Thinking the Faith, Praying the Faith, Living the Faith is written by the PC(USA) Office of Theology and Worship.
Thinking, praying, and living the faith is at the core of ministry in the Office of Theology and Worship. In the following videos, learn more about what thinking, praying, and living the faith means to the leadership of the Office of Theology and Worship. Discover why it matters and what difference it makes in our lives, work, and worship.
A major theme running throughout the gospel of John is the invitation to “come and see.” Echoing Isaiah 66:18b where God promises, “I am coming to gather all nations and tongues; and they shall come and shall see my glory,” John invites us to come and see the glory of the Lord in Jesus Christ.
When Jesus is baptized, John the Baptizer’s disciples wonder if Jesus is the one they’ve been waiting for—i.e. one greater than John. They want to know where Jesus is staying/abiding, and he invites them to “come and see” (John 1:36-39).
When Philip tells Nathanael that in Jesus of Nazareth they’ve found the one Moses and the prophets talked about, Nathanael asks, “Can anything good come from Nazareth?” Philip tells him to “come and see” for himself (John 1:43-46).
Jesus speaks to the Samaritan woman at the well who grows in her understanding of who Jesus is as the conversation progresses. After her conversation with him, she goes into the village to proclaim, “Come and see a man who told me everything I have ever done! He cannot be the Messiah, can he?” (John 4:29).
After Jesus is associated with being the Messiah, the next “come and see” invitation significantly shifts: humanity asks Jesus to “come and see” where Lazarus lies dead (John 11:34). And he does. The Lord goes to Lazarus’ tomb and calls him forth from death into life. Our Lord has come and seen what lies at the center of human fear, staring full-on at death and weeping with divine compassion at our plight. He is with us in the midst of death’s trauma. But he doesn’t just sit with us there in empathy. As important as that is, it is not enough for the One who brings forth the new creation. His word goes forth, and life emerges from death. This is the work of God-with-us, Messiah.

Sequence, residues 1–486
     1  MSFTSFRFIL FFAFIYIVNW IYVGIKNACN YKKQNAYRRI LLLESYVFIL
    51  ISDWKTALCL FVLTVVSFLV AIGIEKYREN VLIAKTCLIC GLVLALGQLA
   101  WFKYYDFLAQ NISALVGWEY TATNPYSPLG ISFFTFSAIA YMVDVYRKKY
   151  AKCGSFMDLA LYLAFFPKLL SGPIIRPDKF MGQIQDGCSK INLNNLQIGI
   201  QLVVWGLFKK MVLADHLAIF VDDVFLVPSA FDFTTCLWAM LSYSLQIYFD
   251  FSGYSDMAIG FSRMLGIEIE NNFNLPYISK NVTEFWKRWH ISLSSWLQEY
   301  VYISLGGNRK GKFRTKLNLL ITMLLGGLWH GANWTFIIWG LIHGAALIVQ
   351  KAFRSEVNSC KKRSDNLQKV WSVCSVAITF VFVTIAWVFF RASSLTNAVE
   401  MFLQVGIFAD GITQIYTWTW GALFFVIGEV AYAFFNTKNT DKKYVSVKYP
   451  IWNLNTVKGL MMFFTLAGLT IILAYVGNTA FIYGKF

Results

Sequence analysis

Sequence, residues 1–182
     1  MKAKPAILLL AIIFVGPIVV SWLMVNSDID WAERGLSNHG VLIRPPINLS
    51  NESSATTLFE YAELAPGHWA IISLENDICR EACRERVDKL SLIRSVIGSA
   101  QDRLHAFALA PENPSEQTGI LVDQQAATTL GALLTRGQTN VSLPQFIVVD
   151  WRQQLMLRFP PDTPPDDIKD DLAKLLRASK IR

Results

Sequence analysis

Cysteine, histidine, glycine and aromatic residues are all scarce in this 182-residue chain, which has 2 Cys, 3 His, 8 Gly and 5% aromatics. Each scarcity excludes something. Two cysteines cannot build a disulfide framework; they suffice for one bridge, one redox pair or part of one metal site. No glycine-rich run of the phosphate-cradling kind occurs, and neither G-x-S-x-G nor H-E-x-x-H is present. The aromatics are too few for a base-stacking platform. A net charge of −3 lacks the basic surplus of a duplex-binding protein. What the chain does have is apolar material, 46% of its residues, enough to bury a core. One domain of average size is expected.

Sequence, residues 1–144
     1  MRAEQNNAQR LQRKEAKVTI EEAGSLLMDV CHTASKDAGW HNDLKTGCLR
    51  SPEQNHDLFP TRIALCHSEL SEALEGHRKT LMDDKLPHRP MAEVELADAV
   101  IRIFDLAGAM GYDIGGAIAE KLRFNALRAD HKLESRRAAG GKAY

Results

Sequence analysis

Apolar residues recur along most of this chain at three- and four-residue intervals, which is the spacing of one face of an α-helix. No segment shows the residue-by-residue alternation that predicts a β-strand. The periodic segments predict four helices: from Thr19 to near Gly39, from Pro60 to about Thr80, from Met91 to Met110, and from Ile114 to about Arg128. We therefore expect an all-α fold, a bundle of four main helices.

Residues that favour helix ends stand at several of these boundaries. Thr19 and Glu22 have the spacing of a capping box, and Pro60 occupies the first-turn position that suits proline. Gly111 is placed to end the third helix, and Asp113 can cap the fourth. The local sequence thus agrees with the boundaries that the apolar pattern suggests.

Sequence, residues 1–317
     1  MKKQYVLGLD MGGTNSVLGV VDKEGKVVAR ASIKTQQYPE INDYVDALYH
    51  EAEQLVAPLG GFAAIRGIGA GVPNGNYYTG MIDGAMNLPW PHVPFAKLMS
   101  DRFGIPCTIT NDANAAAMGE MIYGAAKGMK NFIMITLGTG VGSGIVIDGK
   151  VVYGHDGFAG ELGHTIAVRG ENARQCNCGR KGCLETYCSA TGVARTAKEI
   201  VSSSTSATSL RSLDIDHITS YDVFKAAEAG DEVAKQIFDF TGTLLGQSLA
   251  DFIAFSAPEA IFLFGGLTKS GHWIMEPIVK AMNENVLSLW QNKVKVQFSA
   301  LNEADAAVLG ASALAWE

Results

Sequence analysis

When the women report that Jesus’ tomb is empty after the crucifixion, the disciples go to see if the report is true (John 20:1-8). It is as though they are following the bidding of the angel in Matthew who proclaims, “He is not here; for he has been raised, as he said. Come, see the place where he lay” (Matt. 28:6).
Post-resurrection, the invitation to come and see becomes a summons to go and tell, as the risen Lord commands Mary (John 19). When Christ later appears to Thomas who refuses to believe the resurrection is true, we hear a variation of the “come and see” motif when Jesus says, “Have you believed because you have seen me? Blessed are those who have not seen and yet have come to believe” (John 20:19-29). Thomas’ declaration of faith here, his testimony, is what the church goes on to proclaim to those who cannot see for themselves: Jesus is “my Lord and my God!” (John 20:28). This is immediately followed by the declaration:
Now Jesus did many others signs in the presence of his disciples, which are not written in this book. But these are written that you may come [emphasis mine] to believe that Jesus is the Messiah, the Son of God, and that through believing you may have life in his name. (John 20:30-31)
The church now goes to tell the good news of the gospel, which is later written down in scripture, continuing to issue the invitation to others to come and see for themselves where the living Lord Jesus Christ dwells among us in divine glory. A large part of that testimony is what makes Holy Week so special in a death-dealing culture: God dwells with us in the most abject of human circumstances, namely, death by torture on a cross, to call forth life out of death. What makes our proclamation so powerful is our unabashed acknowledgment of world-shattering trauma. The trauma of the cross stands at the center of the gospel to remind us that in Christ Jesus, death does not have the last word on how things really are, as heinous and as real as that is. In Jesus the Christ, God-with-us to the bitter dregs of existence, what abides, despite the worst that death can do, is the resurrection power of God’s steadfast love that endures forever.
In the congregation where I worship, I have the solemn joy of visiting each class of children’s choirs and talking to them about Ash Wednesday. Last night was the third year running … which means we’ve now entered the realm of sacred and inviolable tradition.
How much does baptism in Christ cost? Nothing. And everything.
‘Tis the season for gratitude. I see Facebook friends listing things for which they are grateful, and I feel a tug of guilt. I should be grateful for all the gifts God gives to me. When leading worship, I “introduce” the time of offering by reminding folks that all we are, all we have, all we will ever be comes to us only as a gift from God. So why don’t I spend the month telling the world the things for which I am grateful? Don’t I want to be a person full of gratitude, perceived as truly ...